With the operating costs of farming on the rise, finding ways to save money is crucial. One of the best methods to manage increasing costs is to be more efficient with nutrients. Good nutrient efficiency means lower fertilizer expenses and higher yields. Cornell has developed a program to calculate a farm’s N, P, and K efficiency over a given year. Known as the Cornell Nutrient Mass Balance (CNMB), the program takes into account all of the inputs and outputs involving nitrogen, phosphorus, and potassium and calculates the farm’s overall efficiency for each. It can picture the farm as a whole as well as broken down on a per acre or per pound of milk basis. It provides graphs to compare farms and determine if a farm is efficient with nutrient use. The mass balance inputs include manure spread on farm, fertilizer and feeds purchased, animals born and purchased, and bedding purchased. Outputs for the balance include crops produced, manure exported, and animals and milk sold. The mass balance is an excellent tool for determining farm nutrient efficiency and is a starting point for determining areas and methods for potential improvement.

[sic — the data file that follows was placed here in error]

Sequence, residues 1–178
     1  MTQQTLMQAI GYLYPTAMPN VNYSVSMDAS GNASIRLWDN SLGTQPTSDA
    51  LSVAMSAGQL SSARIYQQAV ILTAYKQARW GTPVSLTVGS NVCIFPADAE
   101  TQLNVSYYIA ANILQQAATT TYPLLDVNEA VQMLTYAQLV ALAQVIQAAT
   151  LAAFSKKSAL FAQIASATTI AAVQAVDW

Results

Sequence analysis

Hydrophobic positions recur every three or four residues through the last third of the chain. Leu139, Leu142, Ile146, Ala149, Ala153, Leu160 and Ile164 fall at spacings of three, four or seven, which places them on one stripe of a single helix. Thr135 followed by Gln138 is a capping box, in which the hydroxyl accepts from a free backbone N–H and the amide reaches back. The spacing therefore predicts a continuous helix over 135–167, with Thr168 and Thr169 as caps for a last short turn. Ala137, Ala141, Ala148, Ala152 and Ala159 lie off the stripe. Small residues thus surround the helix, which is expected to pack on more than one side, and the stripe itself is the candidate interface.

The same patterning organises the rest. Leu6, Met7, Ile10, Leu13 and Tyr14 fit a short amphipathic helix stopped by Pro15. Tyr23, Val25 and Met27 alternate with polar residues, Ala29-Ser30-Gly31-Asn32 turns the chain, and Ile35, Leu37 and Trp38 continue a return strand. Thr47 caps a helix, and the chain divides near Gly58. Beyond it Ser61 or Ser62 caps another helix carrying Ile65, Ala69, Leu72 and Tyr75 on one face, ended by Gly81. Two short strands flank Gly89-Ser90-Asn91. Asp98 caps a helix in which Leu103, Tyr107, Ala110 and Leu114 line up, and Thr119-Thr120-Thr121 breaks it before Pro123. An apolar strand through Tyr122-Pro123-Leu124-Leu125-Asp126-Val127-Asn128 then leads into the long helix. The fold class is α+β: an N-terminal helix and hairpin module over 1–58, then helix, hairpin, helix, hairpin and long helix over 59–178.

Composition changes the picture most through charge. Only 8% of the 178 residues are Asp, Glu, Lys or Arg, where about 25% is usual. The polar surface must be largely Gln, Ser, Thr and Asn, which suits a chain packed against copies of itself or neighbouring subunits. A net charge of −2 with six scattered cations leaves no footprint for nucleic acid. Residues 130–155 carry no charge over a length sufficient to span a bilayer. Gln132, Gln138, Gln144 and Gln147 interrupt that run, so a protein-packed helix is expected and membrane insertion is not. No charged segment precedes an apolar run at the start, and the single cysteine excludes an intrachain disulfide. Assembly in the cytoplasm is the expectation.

In addition to potential cost savings, the CNMB will also determine the farm’s flexibility in nutrient applications when utilizing adaptive nitrogen management systems and the updated New York Phosphorus Runoff Index (NY-PI 2.0). Three years of CNMBs with an average phosphorus balance of 12 lbs. or less will be necessary to qualify a farm for the more liberal NY-PI 2.0 regulations. CAFOs will be required to utilize NY-PI 2.0 on the next permit, which is expected in July 2022, and farms applying for funded projects utilizing the NRCS 590 Nutrient Management Standard must implement it now. Beginning the process of calculating your farm’s nutrient balance now will better prepare you for the point when implementation is mandatory. Remember, three years of CNMBs will be required to qualify for the less stringent regulations. If you are interested in having the mass nutrient balance applied to your farm, contact your consultant or email me at email@example.com.Read More →